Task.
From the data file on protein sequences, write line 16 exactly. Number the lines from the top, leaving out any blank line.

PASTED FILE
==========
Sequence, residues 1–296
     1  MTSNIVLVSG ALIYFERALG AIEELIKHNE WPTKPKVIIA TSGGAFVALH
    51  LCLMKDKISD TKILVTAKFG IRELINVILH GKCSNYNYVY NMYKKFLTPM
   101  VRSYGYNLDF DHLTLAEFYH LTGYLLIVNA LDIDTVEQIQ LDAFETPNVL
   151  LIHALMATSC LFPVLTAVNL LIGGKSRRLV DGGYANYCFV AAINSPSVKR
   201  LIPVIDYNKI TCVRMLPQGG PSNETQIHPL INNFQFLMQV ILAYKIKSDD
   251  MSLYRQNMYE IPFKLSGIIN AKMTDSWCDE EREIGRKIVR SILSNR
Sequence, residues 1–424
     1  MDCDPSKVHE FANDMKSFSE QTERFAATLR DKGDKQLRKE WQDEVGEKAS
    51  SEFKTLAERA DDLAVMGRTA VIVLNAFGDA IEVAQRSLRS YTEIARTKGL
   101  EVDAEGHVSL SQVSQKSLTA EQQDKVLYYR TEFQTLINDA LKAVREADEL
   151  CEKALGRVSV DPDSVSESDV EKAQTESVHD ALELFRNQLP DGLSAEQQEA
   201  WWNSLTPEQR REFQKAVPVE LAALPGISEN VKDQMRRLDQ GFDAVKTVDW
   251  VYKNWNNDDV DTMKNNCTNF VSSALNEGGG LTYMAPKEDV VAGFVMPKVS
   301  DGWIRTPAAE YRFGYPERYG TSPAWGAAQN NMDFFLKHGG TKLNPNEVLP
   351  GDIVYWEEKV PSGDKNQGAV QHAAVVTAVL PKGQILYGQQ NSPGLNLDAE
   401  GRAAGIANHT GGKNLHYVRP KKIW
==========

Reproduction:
   351  GDIVYWEEKV PSGDKNQGAV QHAAVVTAVL PKGQILYGQQ NSPGLNLDAE